Sketches of

Tennessee's Pioneer Baptist Preachers


(pages 19-20)

The Acuffs have been a prominent and well-known family in Grainger County, Tenn., for many years.  Three of the family - Anderson, John D., and Simeon - a cousin and two brothers, were Baptist ministers of good repute, standing well in their community, being men of integrity, honored and useful in their day and generation.  They were not pioneers in the strictest sense of the word, but were rather middle connecting links between a remote and a less remote past in the history-making period of Baptist in Grainger and surrounding counties.  My sketches of these worthy ministers, like many of the more than two hundred sketches in this volume, are fragmentary and imperfect, on account of a regrettable scarcity of available materials for an adequate history.  These sketches, fragmentary as they are, it will also be noted, appear on the first pages of the book, where it might be expected by some the biographies of the oldest preachers, the veritable "pioneers of the wilderness," would be found.  This, the author would explain, is not accidental but according to plan:  he is writing history biographically, not chronologically, and simply publishing the sketches in alphabetical order, and not otherwise.  This, in passing, which might better serves as a post-script to the Preface, if the Preface were not already in the hands of the printer.

Anderson Acuff was born in Grainger County, Tenn., October 9, 1809, and died February 13, 1893, at the home of his son, Noah Acuff, in Knoxville, and was buried in the church-yard of Glenwood Baptist church, near Powell Station, Tenn.  He was twice married - first to Miss Lucy Popejoy, a daughter of Nathaniel Popejoy, to which marriage were born five sons and four daughters.  His second marriages was to a Mrs. Hubbs, a widow, but of this marriage there were no children.  He had a fair education, for his day and time, and taught school some during his early manhood. He was a carpenter and furniture-maker by trade; did honest work and made a living.  He was an ordained preacher and was pastor of churches; the record of his ordination, however, we have not been able to find.  Revival meeting work had a fascination for him that was irresistible, which led him to travel here and there and hold meetings.  He was very much at home when it came to baptizing happy converts, and was considered an admirable and unusually graceful administrator of the ordinance - the comments of those who witnessed his performances in the baptismal waters being, "he was the best hand at the business I ever saw," "He had the greatest sleight in baptizing," "He knew exactly how to put them under," etc.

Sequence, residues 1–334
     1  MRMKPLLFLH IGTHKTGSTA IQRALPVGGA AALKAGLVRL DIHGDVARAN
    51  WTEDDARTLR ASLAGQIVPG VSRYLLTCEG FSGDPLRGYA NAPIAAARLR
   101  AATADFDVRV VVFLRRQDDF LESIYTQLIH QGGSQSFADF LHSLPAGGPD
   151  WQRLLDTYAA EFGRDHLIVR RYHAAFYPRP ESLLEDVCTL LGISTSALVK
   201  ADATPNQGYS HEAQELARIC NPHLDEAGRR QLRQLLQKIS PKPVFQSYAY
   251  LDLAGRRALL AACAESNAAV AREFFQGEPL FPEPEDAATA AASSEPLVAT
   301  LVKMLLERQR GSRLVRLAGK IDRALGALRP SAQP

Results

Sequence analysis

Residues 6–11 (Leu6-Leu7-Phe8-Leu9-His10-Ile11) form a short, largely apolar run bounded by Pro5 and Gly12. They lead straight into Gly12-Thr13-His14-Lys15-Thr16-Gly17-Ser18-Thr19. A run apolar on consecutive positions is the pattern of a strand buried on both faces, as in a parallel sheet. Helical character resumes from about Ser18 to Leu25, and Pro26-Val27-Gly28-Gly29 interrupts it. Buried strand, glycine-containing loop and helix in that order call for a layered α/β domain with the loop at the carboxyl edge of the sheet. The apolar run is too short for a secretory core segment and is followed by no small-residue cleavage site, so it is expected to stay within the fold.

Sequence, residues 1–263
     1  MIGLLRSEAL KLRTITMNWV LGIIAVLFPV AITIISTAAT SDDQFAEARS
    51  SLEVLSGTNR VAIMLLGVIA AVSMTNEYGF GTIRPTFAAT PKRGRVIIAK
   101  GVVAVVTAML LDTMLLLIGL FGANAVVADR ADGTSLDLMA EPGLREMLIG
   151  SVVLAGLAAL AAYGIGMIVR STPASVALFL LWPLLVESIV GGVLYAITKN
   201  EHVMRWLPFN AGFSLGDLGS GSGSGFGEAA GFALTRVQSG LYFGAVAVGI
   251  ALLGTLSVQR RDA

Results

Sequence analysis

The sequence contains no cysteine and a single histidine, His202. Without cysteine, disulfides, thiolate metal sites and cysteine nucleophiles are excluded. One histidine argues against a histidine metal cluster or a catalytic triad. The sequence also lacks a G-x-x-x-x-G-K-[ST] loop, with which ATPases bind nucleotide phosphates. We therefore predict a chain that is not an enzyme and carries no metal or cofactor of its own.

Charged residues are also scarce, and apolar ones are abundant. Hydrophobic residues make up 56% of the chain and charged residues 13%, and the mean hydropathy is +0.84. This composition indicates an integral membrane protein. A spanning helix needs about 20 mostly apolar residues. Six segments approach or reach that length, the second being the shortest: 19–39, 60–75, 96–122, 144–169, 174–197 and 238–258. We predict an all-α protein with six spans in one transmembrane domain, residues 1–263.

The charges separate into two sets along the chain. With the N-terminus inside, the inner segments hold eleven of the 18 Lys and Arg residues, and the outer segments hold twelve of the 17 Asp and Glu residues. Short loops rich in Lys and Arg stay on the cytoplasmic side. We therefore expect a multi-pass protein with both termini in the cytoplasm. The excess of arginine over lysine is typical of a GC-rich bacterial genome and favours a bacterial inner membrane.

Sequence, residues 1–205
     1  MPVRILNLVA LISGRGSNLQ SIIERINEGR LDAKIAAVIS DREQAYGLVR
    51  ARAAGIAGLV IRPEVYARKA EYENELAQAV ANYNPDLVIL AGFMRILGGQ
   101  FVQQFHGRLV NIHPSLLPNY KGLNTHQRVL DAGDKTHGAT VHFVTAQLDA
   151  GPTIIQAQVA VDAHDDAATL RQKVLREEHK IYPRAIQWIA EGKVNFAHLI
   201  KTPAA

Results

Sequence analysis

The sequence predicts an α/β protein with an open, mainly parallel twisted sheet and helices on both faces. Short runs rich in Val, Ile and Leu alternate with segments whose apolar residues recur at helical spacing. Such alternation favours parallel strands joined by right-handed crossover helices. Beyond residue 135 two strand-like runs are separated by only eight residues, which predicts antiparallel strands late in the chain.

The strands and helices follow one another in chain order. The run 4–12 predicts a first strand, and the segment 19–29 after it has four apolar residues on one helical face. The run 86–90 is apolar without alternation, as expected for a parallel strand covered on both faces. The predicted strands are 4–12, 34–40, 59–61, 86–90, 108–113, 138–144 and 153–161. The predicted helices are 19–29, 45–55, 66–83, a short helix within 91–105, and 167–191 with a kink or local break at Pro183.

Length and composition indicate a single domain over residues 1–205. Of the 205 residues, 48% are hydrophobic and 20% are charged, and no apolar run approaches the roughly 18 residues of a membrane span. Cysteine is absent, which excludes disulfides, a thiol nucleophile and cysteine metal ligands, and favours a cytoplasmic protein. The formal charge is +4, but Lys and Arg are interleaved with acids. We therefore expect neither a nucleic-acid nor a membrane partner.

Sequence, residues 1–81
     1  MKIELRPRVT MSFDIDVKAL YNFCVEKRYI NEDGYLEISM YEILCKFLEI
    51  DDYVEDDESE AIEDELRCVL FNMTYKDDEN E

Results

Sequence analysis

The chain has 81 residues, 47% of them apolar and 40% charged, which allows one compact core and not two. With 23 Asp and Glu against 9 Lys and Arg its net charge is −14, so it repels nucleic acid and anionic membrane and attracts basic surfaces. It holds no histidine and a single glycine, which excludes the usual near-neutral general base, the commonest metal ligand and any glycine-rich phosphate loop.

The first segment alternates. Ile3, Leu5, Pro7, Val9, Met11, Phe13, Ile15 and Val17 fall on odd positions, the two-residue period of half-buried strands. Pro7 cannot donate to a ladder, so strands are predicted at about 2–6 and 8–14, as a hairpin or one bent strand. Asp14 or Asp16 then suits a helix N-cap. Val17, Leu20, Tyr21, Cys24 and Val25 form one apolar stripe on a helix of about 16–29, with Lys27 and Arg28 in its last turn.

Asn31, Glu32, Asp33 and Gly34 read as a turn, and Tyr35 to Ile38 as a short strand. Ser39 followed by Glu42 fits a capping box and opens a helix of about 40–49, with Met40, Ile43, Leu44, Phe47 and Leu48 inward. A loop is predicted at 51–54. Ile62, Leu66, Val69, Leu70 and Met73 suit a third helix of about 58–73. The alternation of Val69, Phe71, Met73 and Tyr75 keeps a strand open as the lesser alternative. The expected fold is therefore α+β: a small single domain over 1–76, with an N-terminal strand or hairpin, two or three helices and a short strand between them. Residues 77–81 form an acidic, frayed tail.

His ministerial activity was confined mainly to the counties of Grainger, Claiborne, Jefferson, Union and Knox.  His associates in the ministry were  William Hickle, Joshua Frost, Mark Monroe, and R. M. Wyrick.  Elder Acuff was a useful minister, was jovial in disposition, and carried about with him a fund of humor and good nature that was perennial and refreshing.  He was also able in prayer and exhortation, enjoyed the confidence of the people, and drew them to him wherever he went.  The last few years of his life he was in rather poor heath, preaching only occasionally, upon special invitation.

Dr. S. D. Acuff, a successful physician of Knoxville, who kindly furnishes "notes" for this sketch, is a grandson of Elder Anderson Acuff.

Burnett, J .J.  Sketches of  Tennessee's Pioneer Baptist Preachers.  Nashville, Tenn.:  Press of Marshall & Bruce Company, 1919.


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